1.0642275928442368 + 0.09687392021742801*I, 0.025040728196256346 + 1.0035162552538588*I, 
 1.0642275928442377 + 0.0968739202174282*I, 1.0642275928442375 + 0.0968739202174283*I}


Yves reminded me to mention something about the performance of using a custom comparison function in DeleteDuplicates or Union as I did above. For long lists this is always considerably slower than using the default method. I gave an example with timings in How to represent a list as a cycle.

To apply that method here we could Round the numbers beforehand:

Round[m, 10^-12] // DeleteDuplicates // N
{1.06423 + 0.0968739 I, 0.0250407 + 1.00352 I}

I added // N to convert back to machine precision, but the values will not be precisely the same. This probably doesn't matter if you consider numbers this close to be duplicates, but should you want the unchanged numbers you could use GatherBy and get performance not far distant.

First /@ GatherBy[m, Round[#, 10^-6] &]

Version 10.0 introduced DeleteDuplicatesBy which works similarly to the GatherBy method; it has the following syntax:

DeleteDuplicatesBy[m, Round[#, 10^-6] &]

However it may not perform as well as GatherBy; see:

share|improve this answer
Thanks for the answer, I see. It's like a comparison with epsilon of two floating point numbers. I assumed, that MATHEMATICA already does it for me. – Arnold Klein Mar 20 '13 at 10:08
Great, I missed InputForm. Without it it looks the same. – Arnold Klein Mar 20 '13 at 10:09
@Andrew On some mathematical operations it may, but as I stated DeleteDuplicates is generally a structural tool. You will run into a similar problem in many cases. For example, replacing elements in a list, because Replace and ReplaceAll are also structural tools: {0, 0., 0.00000} /. 0 -> 1 -- you need a mathematical tool like Equal: {0, 0., 0.00000} /. x_ /; x == 0 -> 1 – Mr.Wizard Mar 20 '13 at 10:12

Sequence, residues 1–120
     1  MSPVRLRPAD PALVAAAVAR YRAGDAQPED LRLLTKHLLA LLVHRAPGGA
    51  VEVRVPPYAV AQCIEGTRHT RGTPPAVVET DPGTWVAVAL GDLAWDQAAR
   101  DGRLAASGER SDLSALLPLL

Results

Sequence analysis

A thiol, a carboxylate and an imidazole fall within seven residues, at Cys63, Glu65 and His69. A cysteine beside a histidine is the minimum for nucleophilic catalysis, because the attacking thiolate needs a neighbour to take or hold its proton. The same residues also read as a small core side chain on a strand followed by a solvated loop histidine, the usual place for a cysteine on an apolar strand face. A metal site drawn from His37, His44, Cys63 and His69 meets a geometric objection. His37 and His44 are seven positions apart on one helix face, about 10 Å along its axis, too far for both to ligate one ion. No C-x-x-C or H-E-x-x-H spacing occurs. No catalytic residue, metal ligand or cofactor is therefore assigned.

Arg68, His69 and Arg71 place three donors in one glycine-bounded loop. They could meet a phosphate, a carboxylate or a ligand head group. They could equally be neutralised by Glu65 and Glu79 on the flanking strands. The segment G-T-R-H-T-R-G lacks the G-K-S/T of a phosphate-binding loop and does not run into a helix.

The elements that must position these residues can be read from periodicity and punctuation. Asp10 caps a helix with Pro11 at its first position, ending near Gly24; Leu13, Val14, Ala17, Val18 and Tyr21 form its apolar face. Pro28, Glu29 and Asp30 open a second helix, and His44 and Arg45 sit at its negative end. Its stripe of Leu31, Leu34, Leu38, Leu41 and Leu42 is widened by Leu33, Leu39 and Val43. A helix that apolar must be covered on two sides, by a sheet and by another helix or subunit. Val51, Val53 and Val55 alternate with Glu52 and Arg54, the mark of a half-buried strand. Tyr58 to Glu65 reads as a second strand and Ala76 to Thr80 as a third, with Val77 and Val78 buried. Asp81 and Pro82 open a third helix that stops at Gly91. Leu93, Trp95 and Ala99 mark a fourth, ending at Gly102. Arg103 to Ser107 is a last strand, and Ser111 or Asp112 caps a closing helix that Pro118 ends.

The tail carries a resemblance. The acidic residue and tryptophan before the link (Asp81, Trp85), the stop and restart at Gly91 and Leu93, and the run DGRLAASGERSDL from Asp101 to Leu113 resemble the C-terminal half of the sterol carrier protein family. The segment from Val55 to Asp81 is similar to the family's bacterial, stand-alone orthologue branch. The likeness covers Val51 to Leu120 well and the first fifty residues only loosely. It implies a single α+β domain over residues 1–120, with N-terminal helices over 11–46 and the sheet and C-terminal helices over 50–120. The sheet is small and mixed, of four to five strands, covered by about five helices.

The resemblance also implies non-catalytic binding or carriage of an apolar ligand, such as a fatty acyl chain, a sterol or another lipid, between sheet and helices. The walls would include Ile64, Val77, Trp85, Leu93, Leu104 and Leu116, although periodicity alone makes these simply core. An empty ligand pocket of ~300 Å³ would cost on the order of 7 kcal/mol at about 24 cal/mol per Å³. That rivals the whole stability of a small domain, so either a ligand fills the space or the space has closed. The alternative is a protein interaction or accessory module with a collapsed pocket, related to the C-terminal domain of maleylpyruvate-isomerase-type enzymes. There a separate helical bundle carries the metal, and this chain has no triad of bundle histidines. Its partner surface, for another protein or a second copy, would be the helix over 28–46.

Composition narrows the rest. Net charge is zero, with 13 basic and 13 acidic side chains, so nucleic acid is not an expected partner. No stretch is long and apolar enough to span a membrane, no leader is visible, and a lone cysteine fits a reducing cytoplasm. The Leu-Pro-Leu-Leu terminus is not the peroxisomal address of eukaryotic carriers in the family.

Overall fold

@Andrew FullForm was a bit needlessly verbose here, but in general you should look at the FullForm when trying to understand how Mathematica will treat an expression using structural tools. There are many cases where not using it will leave you quite befuddled as it can be very different from what is shown in standard output notation. – Mr.Wizard Mar 20 '13 at 10:13
Admonish - lovely acoustics but far too harsh. I thought of it as "gently encouraging" at most... – Yves Klett Mar 21 '13 at 14:13

Note also that one can use Equal[##] & but not Equal:

DeleteDuplicates[m, Equal[##] &]
(*  {1.06423 + 0.0968739 I, 0.0250407 + 1.00352 I}  *)

DeleteDuplicates[m, Equal] // Length
(*  10  *)

This should work the same on most or all well-behaved FindRoot results.

As already noted, using something like Equal[##] & causes the performance to degrade, significantly on very long lists, but using Equal does not cause the same problem. However, Equal does not tolerate difference, unlike Equal[##] &:

DeleteDuplicates[{1., 1. + $MachineEpsilon}, Equal]
    DeleteDuplicates[{1., 1. + 64 $MachineEpsilon}, Equal[##] &]
  {1., 1.}

Basically DeleteDuplicates[.., Equal] is the same as DeleteDuplicates[].